London Olympics faces "perfect traffic storm", report warns
LONDON (Reuters) - The opening weekend of the London Olympics in July has all the ingredients to whip up a 'perfect traffic storm', a report analyzing expected summer congestion levels in the capital warned on Wednesday.
The report by real-time traffic information providers INRIX predicted that Londoners faced a 33 percent rise in congestion levels while traffic on core network routes would slow to speeds of around 12 miles per hour.
The opening ceremony at the Olympic Stadium on Friday July 27 coincides with the end of school terms and start of one of the busiest holiday periods of the British summer.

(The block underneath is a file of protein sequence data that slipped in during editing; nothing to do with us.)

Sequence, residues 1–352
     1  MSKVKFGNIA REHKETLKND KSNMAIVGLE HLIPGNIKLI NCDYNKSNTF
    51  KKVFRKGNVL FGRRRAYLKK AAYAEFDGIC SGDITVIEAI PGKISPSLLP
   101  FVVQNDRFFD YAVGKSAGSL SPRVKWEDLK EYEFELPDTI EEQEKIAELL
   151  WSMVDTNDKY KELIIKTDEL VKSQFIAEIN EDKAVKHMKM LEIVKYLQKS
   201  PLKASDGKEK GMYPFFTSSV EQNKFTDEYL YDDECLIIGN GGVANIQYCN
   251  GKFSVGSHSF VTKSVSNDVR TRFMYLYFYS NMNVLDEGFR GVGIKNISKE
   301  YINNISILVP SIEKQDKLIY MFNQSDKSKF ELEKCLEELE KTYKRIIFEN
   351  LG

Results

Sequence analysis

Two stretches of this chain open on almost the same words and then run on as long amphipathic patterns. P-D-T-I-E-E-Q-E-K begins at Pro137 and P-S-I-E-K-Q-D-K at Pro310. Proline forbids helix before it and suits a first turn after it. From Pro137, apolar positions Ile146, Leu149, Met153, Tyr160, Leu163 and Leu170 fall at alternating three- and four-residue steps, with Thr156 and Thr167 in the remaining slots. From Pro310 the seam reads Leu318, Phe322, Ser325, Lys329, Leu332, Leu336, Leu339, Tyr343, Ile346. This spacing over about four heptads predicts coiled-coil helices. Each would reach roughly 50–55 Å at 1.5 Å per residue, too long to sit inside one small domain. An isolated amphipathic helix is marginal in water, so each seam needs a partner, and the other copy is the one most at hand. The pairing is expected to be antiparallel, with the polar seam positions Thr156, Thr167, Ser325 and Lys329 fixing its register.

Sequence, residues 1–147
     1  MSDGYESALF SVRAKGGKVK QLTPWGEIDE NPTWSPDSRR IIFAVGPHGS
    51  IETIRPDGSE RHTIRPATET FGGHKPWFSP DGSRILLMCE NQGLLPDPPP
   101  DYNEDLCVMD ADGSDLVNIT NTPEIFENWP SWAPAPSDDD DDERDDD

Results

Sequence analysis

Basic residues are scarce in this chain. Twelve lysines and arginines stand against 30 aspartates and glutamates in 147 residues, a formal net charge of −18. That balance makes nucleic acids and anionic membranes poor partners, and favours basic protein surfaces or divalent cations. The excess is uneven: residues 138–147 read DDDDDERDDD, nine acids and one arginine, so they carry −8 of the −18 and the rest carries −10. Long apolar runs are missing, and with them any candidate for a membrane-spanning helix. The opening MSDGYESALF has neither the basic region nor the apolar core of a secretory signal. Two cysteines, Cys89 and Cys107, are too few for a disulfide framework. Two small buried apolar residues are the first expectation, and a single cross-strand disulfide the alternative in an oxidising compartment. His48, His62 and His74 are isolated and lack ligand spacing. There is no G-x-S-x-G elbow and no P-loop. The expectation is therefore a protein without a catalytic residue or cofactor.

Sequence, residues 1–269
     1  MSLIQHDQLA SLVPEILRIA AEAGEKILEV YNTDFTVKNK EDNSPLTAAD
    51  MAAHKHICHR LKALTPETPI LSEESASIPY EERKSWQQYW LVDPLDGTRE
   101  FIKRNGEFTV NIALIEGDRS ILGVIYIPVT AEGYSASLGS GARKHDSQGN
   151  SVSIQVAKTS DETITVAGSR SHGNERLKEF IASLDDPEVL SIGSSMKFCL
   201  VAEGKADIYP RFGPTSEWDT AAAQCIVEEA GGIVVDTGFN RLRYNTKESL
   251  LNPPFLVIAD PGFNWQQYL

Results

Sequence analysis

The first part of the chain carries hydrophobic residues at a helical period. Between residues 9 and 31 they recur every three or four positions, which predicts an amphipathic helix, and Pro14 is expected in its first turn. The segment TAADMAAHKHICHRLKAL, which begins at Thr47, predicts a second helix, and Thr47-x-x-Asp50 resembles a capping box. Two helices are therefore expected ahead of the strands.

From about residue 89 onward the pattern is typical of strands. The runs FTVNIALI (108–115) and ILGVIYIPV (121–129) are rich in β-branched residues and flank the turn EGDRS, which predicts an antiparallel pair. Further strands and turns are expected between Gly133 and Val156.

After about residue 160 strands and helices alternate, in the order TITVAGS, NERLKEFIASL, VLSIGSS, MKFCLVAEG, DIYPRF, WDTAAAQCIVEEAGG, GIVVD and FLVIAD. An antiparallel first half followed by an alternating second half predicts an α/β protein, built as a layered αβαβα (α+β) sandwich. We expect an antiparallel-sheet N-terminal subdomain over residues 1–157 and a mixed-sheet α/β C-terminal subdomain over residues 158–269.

The men's cycling road race, with Briton Mark Cavendish an early favorite to take the first home gold, follows on the Saturday on public roads through southwest London and into surrounding counties.
"One of the busiest holiday getaway weekends, the Olympic opening ceremony and the men's road cycling race is the perfect traffic storm," said the report's author Greg Hallsworth.
"Nearly 100,000 ticket-holders are expected at the opening ceremony, with tens of thousands of visitors anticipated at the live sites at Hyde Park and Victoria Park.
"This, combined with thousands of closed roads for the men's road cycling event will undeniably create huge stress on the UK's road networks."
INRIX predicted that journeys with an average travel time of an hour would take at least 12 minutes longer throughout Greater London for the duration of the Games. There would be even longer delays through known traffic hotspots.
"People travelling on the Core Games Network should plan for at least 20 minutes more for their journey," it added. Continued...